Russell Wasendorf allegedly stole over $215 million from his customers and falsified bank statements to cover it up. Bernie Madoff was arrested for losing $50 billion while running ponzi schemes. Jeffrey Skilling was initially sentenced to 24 years in prison and fined $45 million for recording projected future profits as actual profits.
Is the Facebook CSO becoming the new Enron CFO story?
After all, the CSO in question is known for declaring projected future plans as actual security features. When he joined Yahoo to take his first ever job as CSO (also breached catastrophically during his short time there) he pre-announced end-to-end encryption was coming. He never delivered and instead quietly quit to take another shot at being CSO…at Facebook.
It’s serious food for thought when reading about the historic breaches of Facebook that began around the time he joined and continued for years under his watch. It’s been said he’s only giving lip service to users’ best interests (given his failed Yahoo delivery) and more recently it’s been said adversaries to the US targeted him as a “coin operated” asset (given his public hostility to US government).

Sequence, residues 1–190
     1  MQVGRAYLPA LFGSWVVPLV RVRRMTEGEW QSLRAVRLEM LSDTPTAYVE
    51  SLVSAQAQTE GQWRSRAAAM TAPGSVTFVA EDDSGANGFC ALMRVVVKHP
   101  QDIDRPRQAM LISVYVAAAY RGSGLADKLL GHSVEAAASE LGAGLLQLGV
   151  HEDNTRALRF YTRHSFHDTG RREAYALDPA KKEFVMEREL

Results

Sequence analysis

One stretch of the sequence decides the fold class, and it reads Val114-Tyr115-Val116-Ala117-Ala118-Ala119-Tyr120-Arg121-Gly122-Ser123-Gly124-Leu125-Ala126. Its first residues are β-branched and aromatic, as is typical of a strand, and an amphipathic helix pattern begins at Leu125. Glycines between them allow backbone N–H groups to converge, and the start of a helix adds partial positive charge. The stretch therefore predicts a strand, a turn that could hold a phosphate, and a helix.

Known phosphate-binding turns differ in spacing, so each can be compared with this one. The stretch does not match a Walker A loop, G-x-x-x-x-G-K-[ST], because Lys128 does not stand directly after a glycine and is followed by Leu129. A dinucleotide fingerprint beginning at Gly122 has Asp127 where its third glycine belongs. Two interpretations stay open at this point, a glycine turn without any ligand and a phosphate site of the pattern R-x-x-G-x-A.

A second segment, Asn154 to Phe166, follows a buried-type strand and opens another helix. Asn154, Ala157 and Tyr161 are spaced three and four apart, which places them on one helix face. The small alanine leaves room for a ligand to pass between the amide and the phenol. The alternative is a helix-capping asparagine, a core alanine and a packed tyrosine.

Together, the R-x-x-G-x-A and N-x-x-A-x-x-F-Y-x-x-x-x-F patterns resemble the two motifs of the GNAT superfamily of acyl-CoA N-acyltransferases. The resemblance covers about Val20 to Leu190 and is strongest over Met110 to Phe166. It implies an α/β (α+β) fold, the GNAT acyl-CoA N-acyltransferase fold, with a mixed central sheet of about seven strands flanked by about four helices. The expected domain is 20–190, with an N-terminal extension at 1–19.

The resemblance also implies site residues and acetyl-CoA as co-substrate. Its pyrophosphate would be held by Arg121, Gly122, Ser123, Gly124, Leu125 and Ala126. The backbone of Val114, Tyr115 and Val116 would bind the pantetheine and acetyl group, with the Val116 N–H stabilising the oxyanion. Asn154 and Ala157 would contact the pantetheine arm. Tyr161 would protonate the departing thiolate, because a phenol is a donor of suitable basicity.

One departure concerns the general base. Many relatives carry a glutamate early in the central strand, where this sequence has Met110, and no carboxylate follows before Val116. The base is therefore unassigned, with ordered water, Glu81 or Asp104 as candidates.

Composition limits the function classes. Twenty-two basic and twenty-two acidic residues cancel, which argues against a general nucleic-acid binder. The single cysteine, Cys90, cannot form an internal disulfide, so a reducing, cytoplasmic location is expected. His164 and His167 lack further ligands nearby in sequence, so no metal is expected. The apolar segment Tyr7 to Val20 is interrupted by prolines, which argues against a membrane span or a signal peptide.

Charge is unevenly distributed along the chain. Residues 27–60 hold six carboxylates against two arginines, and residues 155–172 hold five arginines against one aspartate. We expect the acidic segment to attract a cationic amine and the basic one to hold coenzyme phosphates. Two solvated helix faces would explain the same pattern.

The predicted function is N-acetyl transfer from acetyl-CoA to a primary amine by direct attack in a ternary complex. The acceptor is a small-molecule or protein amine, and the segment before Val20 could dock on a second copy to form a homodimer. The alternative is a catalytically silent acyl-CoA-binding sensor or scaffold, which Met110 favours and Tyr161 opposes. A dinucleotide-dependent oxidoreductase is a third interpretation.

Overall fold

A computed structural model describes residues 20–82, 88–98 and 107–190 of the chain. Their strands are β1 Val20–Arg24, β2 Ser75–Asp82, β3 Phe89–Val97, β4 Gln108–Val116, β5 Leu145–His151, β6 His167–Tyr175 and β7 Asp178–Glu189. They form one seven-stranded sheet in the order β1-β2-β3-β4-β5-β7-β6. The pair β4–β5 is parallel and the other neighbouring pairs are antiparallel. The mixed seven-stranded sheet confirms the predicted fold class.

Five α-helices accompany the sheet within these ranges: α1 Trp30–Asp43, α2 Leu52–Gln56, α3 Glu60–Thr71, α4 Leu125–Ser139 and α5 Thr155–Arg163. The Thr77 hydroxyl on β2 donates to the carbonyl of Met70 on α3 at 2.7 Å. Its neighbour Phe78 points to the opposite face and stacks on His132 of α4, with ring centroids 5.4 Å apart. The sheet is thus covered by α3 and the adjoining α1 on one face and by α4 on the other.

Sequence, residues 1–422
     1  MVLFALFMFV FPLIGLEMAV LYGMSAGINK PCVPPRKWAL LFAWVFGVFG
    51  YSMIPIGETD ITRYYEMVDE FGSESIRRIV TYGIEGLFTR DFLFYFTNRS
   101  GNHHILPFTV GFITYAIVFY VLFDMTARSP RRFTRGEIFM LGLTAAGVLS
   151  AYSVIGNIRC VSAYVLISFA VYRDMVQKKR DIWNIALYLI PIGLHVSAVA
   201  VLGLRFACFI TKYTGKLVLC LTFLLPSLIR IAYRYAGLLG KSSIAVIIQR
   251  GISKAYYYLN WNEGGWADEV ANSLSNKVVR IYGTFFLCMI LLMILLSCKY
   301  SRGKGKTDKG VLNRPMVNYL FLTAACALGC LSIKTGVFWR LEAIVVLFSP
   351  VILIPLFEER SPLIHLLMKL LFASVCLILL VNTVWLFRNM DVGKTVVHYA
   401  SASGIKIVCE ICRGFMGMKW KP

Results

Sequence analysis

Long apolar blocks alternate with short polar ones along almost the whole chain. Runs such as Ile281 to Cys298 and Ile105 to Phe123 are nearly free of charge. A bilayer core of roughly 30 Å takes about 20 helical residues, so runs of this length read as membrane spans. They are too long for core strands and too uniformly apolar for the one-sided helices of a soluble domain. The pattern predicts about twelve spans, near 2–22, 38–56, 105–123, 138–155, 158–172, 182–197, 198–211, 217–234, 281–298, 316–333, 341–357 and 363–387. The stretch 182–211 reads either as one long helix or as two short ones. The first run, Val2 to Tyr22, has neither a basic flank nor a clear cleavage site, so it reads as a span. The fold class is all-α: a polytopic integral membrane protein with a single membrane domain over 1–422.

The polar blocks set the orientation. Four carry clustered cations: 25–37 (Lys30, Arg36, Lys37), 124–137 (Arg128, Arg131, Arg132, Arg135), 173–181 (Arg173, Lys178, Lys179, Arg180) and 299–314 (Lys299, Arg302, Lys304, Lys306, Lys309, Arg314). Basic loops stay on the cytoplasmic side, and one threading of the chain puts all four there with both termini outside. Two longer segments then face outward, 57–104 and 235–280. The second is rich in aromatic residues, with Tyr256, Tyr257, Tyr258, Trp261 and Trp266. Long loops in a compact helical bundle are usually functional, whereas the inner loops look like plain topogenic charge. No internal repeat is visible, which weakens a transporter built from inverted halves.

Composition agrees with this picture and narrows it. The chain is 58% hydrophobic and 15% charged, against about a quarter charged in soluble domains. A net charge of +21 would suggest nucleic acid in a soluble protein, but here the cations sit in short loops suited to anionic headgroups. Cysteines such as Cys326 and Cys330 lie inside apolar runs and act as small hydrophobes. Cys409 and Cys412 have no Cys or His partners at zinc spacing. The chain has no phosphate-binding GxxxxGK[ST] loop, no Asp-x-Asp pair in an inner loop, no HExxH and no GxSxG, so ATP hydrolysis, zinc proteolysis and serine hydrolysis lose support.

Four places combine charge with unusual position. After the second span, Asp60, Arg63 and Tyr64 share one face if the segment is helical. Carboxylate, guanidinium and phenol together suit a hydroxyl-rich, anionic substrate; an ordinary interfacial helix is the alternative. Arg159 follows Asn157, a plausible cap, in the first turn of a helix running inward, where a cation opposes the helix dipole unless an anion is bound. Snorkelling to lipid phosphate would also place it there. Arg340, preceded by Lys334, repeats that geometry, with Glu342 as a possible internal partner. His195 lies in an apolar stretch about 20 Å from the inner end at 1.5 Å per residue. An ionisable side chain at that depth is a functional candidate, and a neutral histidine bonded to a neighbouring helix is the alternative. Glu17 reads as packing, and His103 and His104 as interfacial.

At this point it will be interesting to see if standing idly for so long and allowing mounting harms to customers, personally profiting from damages done, will lead to any kind of penalty akin to Skilling’s.
Today, given what we know… I think we understand that we need to take a broader view of our responsibility,” [CEO] said.
“That we’re not just building tools, but that we need to take full responsibility for the outcomes of how people use those tools as well.”[…]
Facebook has now blocked the facility.
“It is reasonable to expect that if you had that [default] setting turned on, that in the last several years someone has probably accessed your public information in this way,” Mr Zuckerberg said.
The last several years represent the tenure of the CSO in question. “Today, given what we know?” That responsibility was no secret before he joined, and it should not have taken so many years to come to the realization that a CSO is meant to stop harm instead of profiting from it. So the question becomes what is next for the man whose first and only two attempts at being a CSO have ended in the largest breaches in history.
This is a Security Bloggers Network syndicated blog post authored by Davi Ottenheimer. Read the original post at: flyingpenguin